The Daily Word of Righteousness

The Remnant, #9

The grass withereth, the flower fadeth: because the spirit of the Lord bloweth upon it: surely the people is grass. (Isaiah 40:7)

The works of people, even religious people, are as grass that springs up in a moment and perishes in a moment.

The works of Christ are eternal. They never shall pass away.

The eternal accomplishments of the Kingdom of God are not brought to pass by the strength or wisdom of the flesh but by the Spirit of God.

If we have been caught up in Sardis-type activities we are to "hold fast, and repent." We are to press steadily forward in all good works but to repent of our employment of human talent in the attempt to build the Kingdom of God. If we do not repent of our man-centeredness we will be caught off guard one day and found penniless as to the true riches of Heaven.

There was a remnant in Sardis. There were believers who looked only to the Holy Spirit for the building of the Kingdom of God. They were the Elijah-Elisha company—those who live in the anointing even in "the days of Ahab and Jezebel," in the midst of apostasy on the part of the majority of the Lord's called-out people.

Thou hast a few names even in Sardis which have not defiled their garments; and they shall walk with me in white: for they are worthy. (Revelation 3:4)

The concept that the life of victorious living in Christ brings the believer into a condition of worthiness may be new to us because of extremism in the preaching of "grace." The idea of being worthy to walk with Christ in white is found in the New Testament writings. We must be proven "worthy of the kingdom of God" (II Thessalonians 1:5). We must walk "worthy of the Lord" (Colossians 1:10).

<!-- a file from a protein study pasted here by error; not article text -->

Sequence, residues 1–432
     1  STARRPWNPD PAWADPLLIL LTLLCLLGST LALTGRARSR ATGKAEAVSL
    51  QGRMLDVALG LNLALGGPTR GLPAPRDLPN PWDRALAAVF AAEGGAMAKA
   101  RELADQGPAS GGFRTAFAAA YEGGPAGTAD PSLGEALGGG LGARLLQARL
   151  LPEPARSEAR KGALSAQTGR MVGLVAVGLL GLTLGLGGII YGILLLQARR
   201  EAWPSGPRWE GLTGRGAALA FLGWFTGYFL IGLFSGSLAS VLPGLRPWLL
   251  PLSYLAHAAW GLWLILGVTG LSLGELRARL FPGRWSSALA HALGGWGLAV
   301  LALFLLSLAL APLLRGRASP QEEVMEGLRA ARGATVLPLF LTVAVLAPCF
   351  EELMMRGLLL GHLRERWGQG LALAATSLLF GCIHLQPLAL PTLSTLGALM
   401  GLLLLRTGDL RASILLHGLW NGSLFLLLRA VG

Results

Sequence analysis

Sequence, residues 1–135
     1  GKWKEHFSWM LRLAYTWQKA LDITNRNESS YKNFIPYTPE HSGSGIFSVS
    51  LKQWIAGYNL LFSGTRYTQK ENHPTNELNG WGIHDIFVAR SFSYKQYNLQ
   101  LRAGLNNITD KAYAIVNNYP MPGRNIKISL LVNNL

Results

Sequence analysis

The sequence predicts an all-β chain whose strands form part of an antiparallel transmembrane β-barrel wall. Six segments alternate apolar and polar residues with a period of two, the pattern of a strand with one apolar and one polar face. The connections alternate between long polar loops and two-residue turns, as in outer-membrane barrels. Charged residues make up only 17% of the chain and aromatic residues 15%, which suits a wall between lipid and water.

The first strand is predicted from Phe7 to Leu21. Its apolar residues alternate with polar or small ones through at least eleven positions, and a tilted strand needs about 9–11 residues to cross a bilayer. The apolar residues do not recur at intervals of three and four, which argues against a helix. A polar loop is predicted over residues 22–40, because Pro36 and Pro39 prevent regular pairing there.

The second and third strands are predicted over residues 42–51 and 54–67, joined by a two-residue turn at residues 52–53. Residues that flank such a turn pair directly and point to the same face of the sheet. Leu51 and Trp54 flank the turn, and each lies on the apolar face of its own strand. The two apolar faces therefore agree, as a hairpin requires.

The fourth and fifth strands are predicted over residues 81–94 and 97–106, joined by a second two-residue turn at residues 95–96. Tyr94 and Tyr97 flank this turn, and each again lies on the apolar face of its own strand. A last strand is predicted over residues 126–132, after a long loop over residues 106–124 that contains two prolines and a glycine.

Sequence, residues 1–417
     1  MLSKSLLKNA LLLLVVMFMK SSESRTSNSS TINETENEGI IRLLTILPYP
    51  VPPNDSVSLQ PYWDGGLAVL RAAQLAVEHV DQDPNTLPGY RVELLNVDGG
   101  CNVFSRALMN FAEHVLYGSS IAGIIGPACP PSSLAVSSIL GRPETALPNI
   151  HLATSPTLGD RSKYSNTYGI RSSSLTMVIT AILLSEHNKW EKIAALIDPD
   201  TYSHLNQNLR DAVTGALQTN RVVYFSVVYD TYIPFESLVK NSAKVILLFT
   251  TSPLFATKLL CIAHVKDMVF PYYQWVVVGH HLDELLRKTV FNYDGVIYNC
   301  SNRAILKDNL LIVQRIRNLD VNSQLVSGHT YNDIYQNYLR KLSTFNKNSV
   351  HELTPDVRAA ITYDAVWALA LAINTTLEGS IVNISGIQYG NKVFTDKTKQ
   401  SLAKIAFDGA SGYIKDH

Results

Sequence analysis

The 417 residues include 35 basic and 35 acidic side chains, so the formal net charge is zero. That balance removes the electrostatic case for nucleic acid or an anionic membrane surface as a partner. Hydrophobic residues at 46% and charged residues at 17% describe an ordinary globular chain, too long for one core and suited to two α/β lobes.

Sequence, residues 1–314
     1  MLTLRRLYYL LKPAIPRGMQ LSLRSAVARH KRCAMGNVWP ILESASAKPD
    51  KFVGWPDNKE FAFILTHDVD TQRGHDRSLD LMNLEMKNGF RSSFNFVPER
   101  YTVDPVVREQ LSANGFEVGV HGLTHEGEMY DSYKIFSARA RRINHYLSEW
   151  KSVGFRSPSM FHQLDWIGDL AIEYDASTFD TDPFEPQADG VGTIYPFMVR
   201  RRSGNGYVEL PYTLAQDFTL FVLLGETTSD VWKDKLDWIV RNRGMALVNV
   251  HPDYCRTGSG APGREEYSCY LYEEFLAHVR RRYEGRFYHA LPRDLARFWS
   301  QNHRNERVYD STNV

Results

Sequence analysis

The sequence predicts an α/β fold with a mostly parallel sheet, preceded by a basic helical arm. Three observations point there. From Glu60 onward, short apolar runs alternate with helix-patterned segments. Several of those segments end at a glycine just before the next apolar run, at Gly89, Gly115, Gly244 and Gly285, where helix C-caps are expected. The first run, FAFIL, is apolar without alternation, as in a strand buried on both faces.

The believer becomes worthy by the righteousness of Christ that is assigned freely to him on the basis of his confession of faith in Christ, and then by the righteousness, holiness, and obedience created in his character as the result of Christ being formed in him.

There was a remnant in Sardis, a few saints who had not "defiled their garments." Our "garments" are our actions, our words, our motives, our thoughts, and our imaginations. The believer who is wearing "dirty clothes" is the one who is unclean in actions, words, motives, thoughts, and imaginations.

We soil our garments with hatred, with spite, with jealousy, with lust, with unforgiveness, with criticism, with impatience, with unbelief, with self-seeking, with drunkenness and revelry, with foolish behavior, with covetousness, with untruthfulness, with dabbling in the occult, with violence and anger.

The believer in Christ who is acting, speaking, or thinking in lust, hatred, violence, criticism, bitterness, covetousness, occult practices, or drunkenness and revelry is spotting his or her "robe" with the filth of the present age.

To be continued.